Compare Provera vs. Minivelle

Head-to-head comparisons of medication uses, side effects, ratings, and more.

Regulates your menstrual cycle and supplements estrogen treatments for menopause.

Provera (Medroxyprogesterone) works well to regulate your menstrual cycle and stop irregular bleeding. It also protects the uterus from estrogen's harmful effects.

Relieves menopause symptoms.

The Minivelle (estradiol patch) is the mini-me of estrogen patches. It's used twice a week, available in five strengths, and has the least amount of skin irritation.

4.2/ 5 average rating with 17 reviewsforMinivelle
  • Provera (Medroxyprogesterone) can be used to treat multiple hormone problems in women.
  • After menopause, taking estrogen raises your risk of uterine cancer. However, taking progesterone, like in Provera (Medroxyprogesterone), along with estrogen gives you the positive effects of estrogen, but also prevents it from damaging your uterus.
  • Women taking an estrogen/progestin combination medications have a lower risk of uterine cancer.
  • Minivelle (estradiol patch) is the smallest estrogen patch available. It's the size a dime and comes in 5 different strengths.
  • Causes little or no skin irritation and doesn't leave much adhesive on your skin.
  • Minivelle (estradiol patch) replaces estrogen to your whole body and relieves many symptoms due to low estrogen, like hot flashes and vaginal dryness.
  • By using a patch instead of a pill, there's a lower risk of side effects such as blood clots and stroke since lower amounts of estrogen are used in patches.
  • Lowers your risk of fractures by keeping your bones healthy.
  • You can't take Provera (Medroxyprogesterone) if you've had a hysterectomy (your uterus removed). You also can't take it if you're pregnant or breastfeeding, have unusual vaginal bleeding, or have a history of blood clots, certain kinds of cancer, stroke, heart attack, liver problems, or bleeding problems.
  • You need to replace Minivelle (estradiol patch) twice a week, compared to other patches that are once a week.
  • Patches can fall off.
  • Increases your risk of uterine and breast cancer.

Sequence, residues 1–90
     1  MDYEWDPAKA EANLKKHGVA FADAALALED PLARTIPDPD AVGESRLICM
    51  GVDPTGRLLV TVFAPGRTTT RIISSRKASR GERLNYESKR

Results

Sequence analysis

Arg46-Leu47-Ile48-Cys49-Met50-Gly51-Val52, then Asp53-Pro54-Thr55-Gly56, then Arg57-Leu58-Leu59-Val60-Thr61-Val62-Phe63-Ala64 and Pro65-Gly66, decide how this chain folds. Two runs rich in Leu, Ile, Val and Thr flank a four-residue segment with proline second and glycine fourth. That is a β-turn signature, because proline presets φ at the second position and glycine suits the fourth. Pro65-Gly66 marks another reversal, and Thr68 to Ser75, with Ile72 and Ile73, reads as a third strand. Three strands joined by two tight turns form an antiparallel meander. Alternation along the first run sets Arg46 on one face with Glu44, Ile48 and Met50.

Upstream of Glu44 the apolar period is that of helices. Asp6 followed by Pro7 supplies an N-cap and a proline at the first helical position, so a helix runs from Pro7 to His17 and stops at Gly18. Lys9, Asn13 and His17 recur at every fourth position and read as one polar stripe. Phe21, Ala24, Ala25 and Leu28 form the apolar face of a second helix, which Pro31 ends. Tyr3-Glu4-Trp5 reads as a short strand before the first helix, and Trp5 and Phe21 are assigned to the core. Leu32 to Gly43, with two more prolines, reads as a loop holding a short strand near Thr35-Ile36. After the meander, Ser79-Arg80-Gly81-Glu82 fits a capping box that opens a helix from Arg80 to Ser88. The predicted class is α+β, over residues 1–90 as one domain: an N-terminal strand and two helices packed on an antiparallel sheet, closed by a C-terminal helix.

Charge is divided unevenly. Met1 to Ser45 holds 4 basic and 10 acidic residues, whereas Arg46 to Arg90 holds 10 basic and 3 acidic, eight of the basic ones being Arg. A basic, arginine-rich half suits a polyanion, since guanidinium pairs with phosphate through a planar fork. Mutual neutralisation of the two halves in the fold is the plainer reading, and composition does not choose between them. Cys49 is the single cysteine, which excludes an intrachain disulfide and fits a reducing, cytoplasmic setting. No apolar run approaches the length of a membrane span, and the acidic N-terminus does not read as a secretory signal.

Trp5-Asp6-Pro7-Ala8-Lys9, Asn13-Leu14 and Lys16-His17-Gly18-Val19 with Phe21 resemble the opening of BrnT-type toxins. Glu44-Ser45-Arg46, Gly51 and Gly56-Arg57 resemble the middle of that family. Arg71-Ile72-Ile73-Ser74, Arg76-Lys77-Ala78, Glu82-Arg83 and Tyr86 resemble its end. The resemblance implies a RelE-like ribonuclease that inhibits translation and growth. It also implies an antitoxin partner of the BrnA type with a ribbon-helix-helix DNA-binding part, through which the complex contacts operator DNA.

• Increases your risk of developing blood clots and stroke.
  • Can worsen other health conditions, like high cholesterol, asthma, diabetes, fluid retention, and migraines.
  • Can't be used in people with liver problems.
Used for
  • Amenorrhea
  • Abnormal uterine bleeding
  • Prevention of uterine cancer in women taking estrogen
  • Endometriosis
  • Premenstrual syndrome
  • Breast cancer
  • Uterine cancer
  • Pelvic congestion syndrome
  • Birth control (male)
  • Hirsutism
  • Loss of appetite
  • Osteoporosis
  • Renal cell carcinoma
  • Hot flashes
  • Prevention of bone thinning in postmenopausal women
Dosage forms
  • Pill
  • Patch
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Side effects
The Provera (Medroxyprogesterone) FDA package insert doesn’t have numbers about how common side effects are.
20possible side effects
  • Headache
  • Breast pain
  • Back pain
  • Menstrual bleeding
  • Influenza
  • Common cold
  • Nausea
  • Pain
  • Sinus infection
  • Lung infection
  • Neck pain
  • Limb pain
  • Sinus congestion
  • Joint pain
  • Depression
  • Constipation
  • Flu-like symptoms
  • Sinus headache
  • Anxiety
  • Trouble sleeping
See more detailed side effects
Risks and risk factors
  • Breast cancer
    • Personal or family history of breast cancer
  • Ovarian cancer
    • Family history of ovarian cancer
  • Increased risk of blood clots and stroke
    • Personal or family history of blood clots
    • Smoking
    • Obesity
    • Hypertension
    • Diabetes
    • High cholesterol
    • Systemic lupus erythematosus (SLE)
  • Depression
    • History of depression
  • Liver problems
    • History of liver problems
  • Harm to fetus
    • Women of childbearing age
See more detailed risks and warnings
  • Endometrial cancer
    • Using estrogen for more than one year
  • Breast cancer
    • Personal or family history of breast cancer
    • Using estrogen for more than one year
  • Increased risk of blood clots and stroke
    • Personal or family history of blood clots
    • Smoking
    • Obesity
    • Systemic lupus erythematosus (SLE)
  • Increased risk of heart disease
    • Smoking
    • Obesity
    • High blood pressure
    • High blood sugar
    • High cholesterol
    • Age 50 or older
  • Dementia
    • Age 65 or older
  • Pancreas swelling (pancreatitis)
    • High levels of triglycerides
See more detailed risks and warnings